The documented truths of the last fifteen years are replaced by bald-faced lies; the talking points of the current regime parroted; the whole sorry story blurred, by spin, to make the party out of office seem vacillating and impotent, and the party in office, seem like the only option.

How dare you, Mr. President, after taking cynical advantage of the unanimity and love, and transmuting it into fraudulent war and needless death, after monstrously transforming it into fear and suspicion and turning that fear into the campaign slogan of three elections? How dare you -- or those around you -- ever "spin" 9/11?

Just as the terrorists have succeeded -- are still succeeding -- as long as there is no memorial and no construction here at Ground Zero.

So, too, have they succeeded, and are still succeeding as long as this government uses 9/11 as a wedge to pit Americans against Americans.

This is an odd point to cite a television program, especially one from March of 1960. But as Disney's continuing sell-out of the truth (and this country) suggests, even television programs can be powerful things.

And long ago, a series called "The Twilight Zone" broadcast a riveting episode entitled "The Monsters Are Due On Maple Street."

In brief: a meteor sparks rumors of an invasion by extra-terrestrials disguised as humans. The electricity goes out. A neighbor pleads for calm. Suddenly his car -- and only his car -- starts. Someone suggests he must be the alien. Then another man's lights go on. As charges and suspicion and panic overtake the street, guns are inevitably produced. An "alien" is shot -- but he turns out to be just another neighbor, returning from going for help. The camera pulls back to a near-by hill, where two extra-terrestrials are seen manipulating a small device that can jam electricity. The veteran tells his novice that there's no need to actually attack, that you just turn off a few of the human machines and then, "they pick the most dangerous enemy they can find, and it's themselves."

And then, in perhaps his finest piece of writing, Rod Serling sums it up with words of remarkable prescience, given where we find ourselves tonight: "The tools of conquest do not necessarily come with bombs and explosions and fallout. There are weapons that are simply thoughts, attitudes, prejudices, to be found only in the minds of men.

"For the record, prejudices can kill and suspicion can destroy, and a thoughtless, frightened search for a scapegoat has a fallout all its own -- for the children, and the children yet unborn."

When those who dissent are told time and time again -- as we will be, if not tonight by the President, then tomorrow by his portable public chorus -- that he is preserving our freedom, but that if we use any of it, we are somehow un-American...When we are scolded, that if we merely question, we have "forgotten the lessons of 9/11"... look into this empty space behind me and the bi-partisanship upon which this administration also did not build, and tell me:

Who has left this hole in the ground?

We have not forgotten, Mr. President.

You have.

May this country forgive you.

Thursday, July 20, 2006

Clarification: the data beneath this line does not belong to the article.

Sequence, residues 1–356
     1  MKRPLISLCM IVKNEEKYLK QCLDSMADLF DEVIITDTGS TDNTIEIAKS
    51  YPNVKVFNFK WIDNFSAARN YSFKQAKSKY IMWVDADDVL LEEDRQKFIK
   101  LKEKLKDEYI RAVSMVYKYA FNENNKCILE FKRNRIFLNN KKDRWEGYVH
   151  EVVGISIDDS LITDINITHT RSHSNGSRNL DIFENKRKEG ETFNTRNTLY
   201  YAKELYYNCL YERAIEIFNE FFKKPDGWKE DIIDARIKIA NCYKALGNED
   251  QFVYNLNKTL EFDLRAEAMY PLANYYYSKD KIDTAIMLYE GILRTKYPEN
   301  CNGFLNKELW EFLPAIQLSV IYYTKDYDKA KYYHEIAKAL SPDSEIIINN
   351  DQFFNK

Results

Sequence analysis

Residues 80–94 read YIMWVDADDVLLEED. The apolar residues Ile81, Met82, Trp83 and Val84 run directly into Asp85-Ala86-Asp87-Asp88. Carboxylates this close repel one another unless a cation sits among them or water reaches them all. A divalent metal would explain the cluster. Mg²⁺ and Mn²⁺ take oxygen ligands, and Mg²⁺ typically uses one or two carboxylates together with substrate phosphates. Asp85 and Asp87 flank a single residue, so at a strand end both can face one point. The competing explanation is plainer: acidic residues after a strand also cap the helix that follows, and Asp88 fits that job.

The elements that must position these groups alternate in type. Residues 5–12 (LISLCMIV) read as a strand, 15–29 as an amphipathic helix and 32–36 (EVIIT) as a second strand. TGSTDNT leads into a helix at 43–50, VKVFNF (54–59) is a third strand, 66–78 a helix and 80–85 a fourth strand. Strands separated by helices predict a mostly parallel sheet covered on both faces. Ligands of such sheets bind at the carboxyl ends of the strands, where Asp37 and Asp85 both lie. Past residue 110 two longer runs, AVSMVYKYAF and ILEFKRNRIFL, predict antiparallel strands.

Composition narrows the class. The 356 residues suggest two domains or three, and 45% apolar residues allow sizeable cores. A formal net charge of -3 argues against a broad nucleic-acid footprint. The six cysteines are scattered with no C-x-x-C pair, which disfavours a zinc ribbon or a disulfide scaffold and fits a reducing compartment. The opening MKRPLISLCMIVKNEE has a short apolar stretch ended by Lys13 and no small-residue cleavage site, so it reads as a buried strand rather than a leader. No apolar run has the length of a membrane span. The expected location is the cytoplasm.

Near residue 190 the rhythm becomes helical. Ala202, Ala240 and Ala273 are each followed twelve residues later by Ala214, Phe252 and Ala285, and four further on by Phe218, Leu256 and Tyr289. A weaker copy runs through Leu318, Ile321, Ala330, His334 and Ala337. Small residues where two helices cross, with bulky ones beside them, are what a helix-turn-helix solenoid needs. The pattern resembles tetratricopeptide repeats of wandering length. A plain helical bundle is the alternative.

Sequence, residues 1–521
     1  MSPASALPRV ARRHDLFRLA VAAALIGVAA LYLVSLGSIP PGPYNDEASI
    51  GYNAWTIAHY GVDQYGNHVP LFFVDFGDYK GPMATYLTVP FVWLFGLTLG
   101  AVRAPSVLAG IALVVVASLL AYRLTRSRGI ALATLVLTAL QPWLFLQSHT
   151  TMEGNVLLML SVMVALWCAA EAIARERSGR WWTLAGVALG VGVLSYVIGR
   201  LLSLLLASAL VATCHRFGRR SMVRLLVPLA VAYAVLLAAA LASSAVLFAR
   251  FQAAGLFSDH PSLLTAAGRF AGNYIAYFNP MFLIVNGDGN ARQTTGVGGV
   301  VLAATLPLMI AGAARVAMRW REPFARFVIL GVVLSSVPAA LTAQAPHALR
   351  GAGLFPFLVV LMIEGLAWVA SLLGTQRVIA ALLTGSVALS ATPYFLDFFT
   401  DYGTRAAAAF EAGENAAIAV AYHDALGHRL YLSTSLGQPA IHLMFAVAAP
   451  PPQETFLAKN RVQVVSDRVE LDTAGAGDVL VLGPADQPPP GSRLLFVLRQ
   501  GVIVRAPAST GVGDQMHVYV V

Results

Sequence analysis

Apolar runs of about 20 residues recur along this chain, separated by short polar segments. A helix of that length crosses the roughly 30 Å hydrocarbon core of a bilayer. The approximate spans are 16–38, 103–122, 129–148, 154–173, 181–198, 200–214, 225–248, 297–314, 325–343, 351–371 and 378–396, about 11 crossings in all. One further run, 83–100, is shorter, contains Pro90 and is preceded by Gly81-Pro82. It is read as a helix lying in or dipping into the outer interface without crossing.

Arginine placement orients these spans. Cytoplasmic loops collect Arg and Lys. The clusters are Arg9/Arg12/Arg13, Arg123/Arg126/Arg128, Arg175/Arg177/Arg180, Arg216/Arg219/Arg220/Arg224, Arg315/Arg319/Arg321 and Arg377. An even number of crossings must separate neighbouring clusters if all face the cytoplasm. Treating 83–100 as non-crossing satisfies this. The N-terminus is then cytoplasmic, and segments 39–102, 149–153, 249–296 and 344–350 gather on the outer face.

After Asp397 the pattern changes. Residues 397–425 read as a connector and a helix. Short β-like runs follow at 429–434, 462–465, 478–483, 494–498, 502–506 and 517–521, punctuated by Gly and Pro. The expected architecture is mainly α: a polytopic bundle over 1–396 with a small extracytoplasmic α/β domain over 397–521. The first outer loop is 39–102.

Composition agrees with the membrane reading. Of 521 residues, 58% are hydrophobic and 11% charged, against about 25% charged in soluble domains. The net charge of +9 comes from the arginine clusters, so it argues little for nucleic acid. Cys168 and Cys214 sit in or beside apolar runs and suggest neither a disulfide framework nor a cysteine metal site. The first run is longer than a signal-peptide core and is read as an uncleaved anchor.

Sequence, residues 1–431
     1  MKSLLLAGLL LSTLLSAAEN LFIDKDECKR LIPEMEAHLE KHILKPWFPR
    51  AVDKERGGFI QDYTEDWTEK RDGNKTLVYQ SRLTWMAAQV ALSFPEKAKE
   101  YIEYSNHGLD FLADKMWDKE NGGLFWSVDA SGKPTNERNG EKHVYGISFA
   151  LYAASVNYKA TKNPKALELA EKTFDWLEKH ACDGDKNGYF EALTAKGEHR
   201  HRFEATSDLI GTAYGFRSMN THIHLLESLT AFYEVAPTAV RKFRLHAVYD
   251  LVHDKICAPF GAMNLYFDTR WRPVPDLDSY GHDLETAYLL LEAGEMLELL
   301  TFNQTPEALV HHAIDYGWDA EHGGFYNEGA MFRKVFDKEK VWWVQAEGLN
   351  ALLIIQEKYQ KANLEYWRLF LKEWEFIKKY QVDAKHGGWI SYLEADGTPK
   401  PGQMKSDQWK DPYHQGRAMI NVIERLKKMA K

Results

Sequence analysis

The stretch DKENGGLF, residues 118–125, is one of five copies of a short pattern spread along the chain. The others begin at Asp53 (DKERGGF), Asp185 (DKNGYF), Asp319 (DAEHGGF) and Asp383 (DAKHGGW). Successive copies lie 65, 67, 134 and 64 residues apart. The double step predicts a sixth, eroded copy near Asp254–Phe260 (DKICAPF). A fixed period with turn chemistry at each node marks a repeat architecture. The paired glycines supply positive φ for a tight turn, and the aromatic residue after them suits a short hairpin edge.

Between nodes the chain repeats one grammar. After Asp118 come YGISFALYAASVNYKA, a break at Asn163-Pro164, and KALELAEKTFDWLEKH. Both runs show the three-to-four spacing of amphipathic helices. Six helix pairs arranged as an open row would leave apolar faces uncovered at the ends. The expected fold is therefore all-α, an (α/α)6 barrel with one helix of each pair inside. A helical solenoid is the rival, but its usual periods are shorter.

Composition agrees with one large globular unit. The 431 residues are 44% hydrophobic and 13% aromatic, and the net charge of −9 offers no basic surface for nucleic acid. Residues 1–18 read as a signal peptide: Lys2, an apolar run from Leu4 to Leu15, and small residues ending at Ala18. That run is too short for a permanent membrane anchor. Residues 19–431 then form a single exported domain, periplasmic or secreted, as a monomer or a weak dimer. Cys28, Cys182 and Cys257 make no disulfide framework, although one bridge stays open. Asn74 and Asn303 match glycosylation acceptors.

Ultraman Revisited

Ultraman DVD ArtworkMonths after posting in a nostalgic sense about the wonderful world of Ultraman, the powers that be have elected at last to release the original series on DVD ... well, the first twenty episodes, at least.

Let's get the technical stuff out of the way first: the presentation is fairly good throughout, especially with the factors of time and storage considered, though there are some issues with the sound, in particular the dubbed English dialogue switching irritatingly to Japanese at the drop of a hat without automatically triggering the subtitling (I had to manually activate this function on a few occasions). The extras, sadly, are largely inconsequential: a dull, amateur-quality recording of a conversation with the three principal voice actors who dubbed the series for English television, a more informative (though very dry) slideshow walk-through introducing of the monsters featured during this batch of episodes, and finally the English-language opening credits for the show.

As was the case during my marathon week of Johnny Sokko And His Flying Robot on a home-made DVD compilation a few months ago, watching Ultraman Vol. 1 over the last few nights was a rather illuminating experience, as many newer impressions of the show have surfaced since the last time I watched it (which was somewhere around 25 or more years ago). It was also impossible not to contrast the two series as the series wound onwards, and I am pleased to report that Ultraman quickly overpowered Sokko in nearly all fields of comparison.

The most immediate impression I got from watching these DVDs was what a weirdly schizoid show Ultraman could be as it occasionally blended goofball slapstick humor with surprisingly heavy existential plot developments, not to mention an unexpected, not-quite-psychedelic-but-definitely-mid-1960s surreal twist noticeable in the style of the later episodes.

Science Patrol Members Ito, Captain Mura and IrashiDespite some genuinely creepy monsters and set-pieces scattered around the first 20 shows, Ultraman comes off as a lot more overtly kid-aimed than I'd remembered. I realize that this isn't exactly an amazing observation concerning a show that features stunt performers in silly rubber monster suits getting their asses kicked on a weekly basis by another guy in a skin tight silver getup, but bear with me a bit. Unlike Johnny Sokko, whose characters were taciturn and businesslike with only rare occasions where they engaged in comedy, there are times watching Ultraman when you wonder exactly who selects agents for Science Patrol duty, especially if such clods as Ito (an electronics whiz who comes off like a Japanese version of Jerry Lewis), Irashi (a hot-headed dolt who wants to blast everything in sight with his two-handled ray gun), and the obligatory "troublemaking kid character" Hoshino somehow made the grade.